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You are here: MacNN Forums > Hardware - Troubleshooting and Discussion > Mac Notebooks > Apple Pulling Third Party RAM

Apple Pulling Third Party RAM
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jstein
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Mar 26, 2005, 10:58 PM
 
In the past few weeks there has been numerous threads on RAM in our community. So in our never ending quest to get the best performance from our PowerBooks here is something else to consider.

At the beginning of February my 15-inch alpb was sent in for repairs at that time my spacebar was not working correctly. When I received my pb in the usual quick fashion that Apple Care provides. Upon opening the box I was greeted by the Third Party Letter basically stating that my memory was the caused of the problem that I was having.

Okay now my laptop was working fine when I sent it off besides the issue with my spacebar now all of sudden it is my RAM that is causing the problem, yeah right. After a quick call to Apple the Apple Service Care rep. stated that the samething was done to his PowerBook when it was sent in for repairs and there was nothing wrong with the RAM. To be on the safe side I made a call to Kingston to do a swap for new memory and when it arrived I installed it everything appeared to be fine.

For the most part I thought it was me, until my business partner was complaining how the RAM was pulled from his PowerBook when it was sent in for repairs. After his encounter I took it up upon myself to do a search and this is what I stumbled across something that you want to keep in mind before you install 3rd party RAM in your pb.
From macintouch:
Apple Pulling Third Party RAM

David Roach
Recently I've had two experiences with AppleCare, one for my Powerbook and one for my Power Mac G5. For both machines AppleCare removed the memory that was in the machine and gave it to me in a separate bag saying that the memory was "bad."

I've used the memory in the Powerbook for almost 3 years now with no problems whatsoever. Since getting back this "bad" RAM I've run memtest on the Powerbook for a week straight with zero errors.

I called Apple back to ask about this and was told that if it is not Apple RAM it won't work right. I thought that was a pretty silly thing to say...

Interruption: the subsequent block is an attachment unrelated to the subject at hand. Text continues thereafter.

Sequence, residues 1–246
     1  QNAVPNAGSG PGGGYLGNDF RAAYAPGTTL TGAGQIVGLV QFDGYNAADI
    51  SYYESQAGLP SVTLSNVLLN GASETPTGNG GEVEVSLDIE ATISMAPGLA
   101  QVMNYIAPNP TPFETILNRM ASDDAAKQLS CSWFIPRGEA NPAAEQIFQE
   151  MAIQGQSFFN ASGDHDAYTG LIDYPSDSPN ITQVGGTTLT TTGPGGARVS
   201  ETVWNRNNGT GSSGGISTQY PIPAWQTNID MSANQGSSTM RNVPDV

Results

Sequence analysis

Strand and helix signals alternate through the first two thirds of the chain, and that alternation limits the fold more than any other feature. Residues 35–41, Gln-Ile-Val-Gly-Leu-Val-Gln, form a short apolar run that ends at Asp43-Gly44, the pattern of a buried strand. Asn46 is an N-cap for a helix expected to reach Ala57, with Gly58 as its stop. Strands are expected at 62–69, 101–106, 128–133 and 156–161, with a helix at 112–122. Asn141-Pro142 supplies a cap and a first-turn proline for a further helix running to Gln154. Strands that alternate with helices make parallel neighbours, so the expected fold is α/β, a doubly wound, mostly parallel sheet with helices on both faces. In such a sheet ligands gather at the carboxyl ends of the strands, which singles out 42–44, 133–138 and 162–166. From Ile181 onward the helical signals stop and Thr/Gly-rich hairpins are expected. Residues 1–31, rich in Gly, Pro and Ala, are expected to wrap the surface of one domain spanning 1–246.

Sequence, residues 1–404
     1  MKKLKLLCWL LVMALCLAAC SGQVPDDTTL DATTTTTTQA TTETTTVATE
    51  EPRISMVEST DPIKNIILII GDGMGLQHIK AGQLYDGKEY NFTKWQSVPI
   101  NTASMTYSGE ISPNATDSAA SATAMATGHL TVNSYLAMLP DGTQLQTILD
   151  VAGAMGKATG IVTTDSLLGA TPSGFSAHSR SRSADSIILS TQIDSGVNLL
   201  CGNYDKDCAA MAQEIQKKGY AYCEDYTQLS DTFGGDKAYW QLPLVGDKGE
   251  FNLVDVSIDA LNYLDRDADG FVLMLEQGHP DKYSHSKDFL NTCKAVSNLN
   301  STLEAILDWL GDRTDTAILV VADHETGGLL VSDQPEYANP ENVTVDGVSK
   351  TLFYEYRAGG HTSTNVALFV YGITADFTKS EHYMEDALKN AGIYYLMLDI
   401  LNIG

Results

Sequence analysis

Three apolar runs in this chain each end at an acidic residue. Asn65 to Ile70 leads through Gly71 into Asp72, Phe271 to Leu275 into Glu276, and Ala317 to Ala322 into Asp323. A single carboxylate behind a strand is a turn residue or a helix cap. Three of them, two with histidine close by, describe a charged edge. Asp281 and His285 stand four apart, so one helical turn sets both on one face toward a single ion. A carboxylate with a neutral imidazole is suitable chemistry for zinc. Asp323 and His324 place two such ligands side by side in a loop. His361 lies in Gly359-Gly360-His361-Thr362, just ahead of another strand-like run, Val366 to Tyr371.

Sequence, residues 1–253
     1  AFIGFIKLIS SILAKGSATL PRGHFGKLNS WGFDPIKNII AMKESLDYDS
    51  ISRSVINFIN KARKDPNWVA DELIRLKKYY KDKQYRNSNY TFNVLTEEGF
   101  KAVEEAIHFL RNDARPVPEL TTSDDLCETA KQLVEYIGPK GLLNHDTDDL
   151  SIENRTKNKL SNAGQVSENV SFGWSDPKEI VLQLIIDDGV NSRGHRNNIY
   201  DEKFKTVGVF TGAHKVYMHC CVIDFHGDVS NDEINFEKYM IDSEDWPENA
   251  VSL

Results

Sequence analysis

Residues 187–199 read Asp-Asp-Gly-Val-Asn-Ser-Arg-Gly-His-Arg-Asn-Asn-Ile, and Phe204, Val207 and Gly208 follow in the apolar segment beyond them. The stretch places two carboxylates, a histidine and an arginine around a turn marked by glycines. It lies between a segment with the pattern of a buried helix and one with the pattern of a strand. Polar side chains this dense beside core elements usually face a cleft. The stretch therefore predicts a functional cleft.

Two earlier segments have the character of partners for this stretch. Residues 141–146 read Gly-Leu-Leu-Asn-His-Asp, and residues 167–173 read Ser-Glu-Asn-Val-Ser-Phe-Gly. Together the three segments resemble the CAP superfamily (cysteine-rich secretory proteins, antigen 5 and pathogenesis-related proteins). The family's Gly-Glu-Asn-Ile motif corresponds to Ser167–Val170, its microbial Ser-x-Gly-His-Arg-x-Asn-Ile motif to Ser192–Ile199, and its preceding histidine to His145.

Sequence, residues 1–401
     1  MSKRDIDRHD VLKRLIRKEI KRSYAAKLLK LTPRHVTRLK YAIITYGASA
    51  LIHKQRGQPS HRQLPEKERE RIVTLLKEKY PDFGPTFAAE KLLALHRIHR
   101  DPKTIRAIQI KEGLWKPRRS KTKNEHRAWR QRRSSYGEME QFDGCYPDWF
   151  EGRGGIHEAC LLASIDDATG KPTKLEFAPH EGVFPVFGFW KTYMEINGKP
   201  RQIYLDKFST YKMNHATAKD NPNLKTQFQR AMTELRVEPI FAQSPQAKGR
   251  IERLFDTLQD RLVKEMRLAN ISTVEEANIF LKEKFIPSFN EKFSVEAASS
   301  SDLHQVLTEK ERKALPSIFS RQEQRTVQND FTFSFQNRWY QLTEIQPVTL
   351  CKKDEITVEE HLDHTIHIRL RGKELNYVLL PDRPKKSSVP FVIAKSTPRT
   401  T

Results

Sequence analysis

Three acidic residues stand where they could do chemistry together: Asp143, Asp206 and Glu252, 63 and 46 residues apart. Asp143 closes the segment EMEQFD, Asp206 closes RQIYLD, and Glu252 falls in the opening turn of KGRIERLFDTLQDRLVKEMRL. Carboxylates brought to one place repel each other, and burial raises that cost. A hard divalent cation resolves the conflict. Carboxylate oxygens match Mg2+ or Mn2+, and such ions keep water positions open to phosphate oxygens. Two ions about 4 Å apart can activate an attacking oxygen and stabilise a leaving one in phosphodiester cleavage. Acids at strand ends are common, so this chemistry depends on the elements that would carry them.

Vince Loden
Interesting to note you mention about AppleCare not covering non-Apple RAM. In the last six months I've seen 3 Macs with RAM gone bad, and it's always been the Apple RAM gone bad!


MacInTouch Reader 1
I run an Apple Authorized service center, and on occasion, we need to send laptops into Apple for various reasons...

I can verify the fact that if non-Apple RAM is installed in a machine, it is Apple policy to pull the RAM and send it back with a nasty note. This happens 100% of the time.

In many cases, they pull the memory, send the unit back to us, and the problem has not even been addressed. The most insane case was a PowerBook G4 that had a broken hinge. You guessed it, bad RAM caused the problem. It is now policy to remove non Apple RAM before sending any unit to Apple for service.

If you want to read more stories like this here is the link to the article
I have no problem with Apple wanting everyone to use RAM provided by Apple. However, the issue that I do have if there is really a problem with 3rd Party RAM for some reason let us know up front before everyone goes out and purchases RAM from a 3rd party vendor....
( Last edited by jstein; Mar 27, 2005 at 02:33 AM. )
     
ibook_steve
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Mar 26, 2005, 11:45 PM
 
What I don't understand is why anybody sending in their machine to Apple wouldn't pull any third party mods they have done to the machine, including third party RAM. Heck, if it's just the space bar and I had Apple-installed RAM, I'd pull it too just so it didn't get lost in the shuffle.

The point is that anytime you send hardware back to Apple, send it back to them as close to the shipped config as possible, not to mention back up all your important stuff. I can totally understand why Apple is doing this. This is RAM Apple has not tested so there is no proof that any problem you have isn't associated with it. Just send it back without the third party stick in. Simple measure.

Steve
     
jstein  (op)
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Mar 27, 2005, 02:42 AM
 
Originally posted by ibook_steve:
What I don't understand is why anybody sending in their machine to Apple wouldn't pull any third party mods they have done to the machine, including third party RAM. Heck, if it's just the space bar and I had Apple-installed RAM, I'd pull it too just so it didn't get lost in the shuffle.

The point is that anytime you send hardware back to Apple, send it back to them as close to the shipped config as possible, not to mention back up all your important stuff. I can totally understand why Apple is doing this. This is RAM Apple has not tested so there is no proof that any problem you have isn't associated with it. Just send it back without the third party stick in. Simple measure.

Steve
Steve I understand your point and I cannot speak for everyone else but I always back up my important information before sending my laptop off. Now this whole issue with the RAM 3rd Part or not is somewhat different but even it is not how does not removing the RAM explain this statement...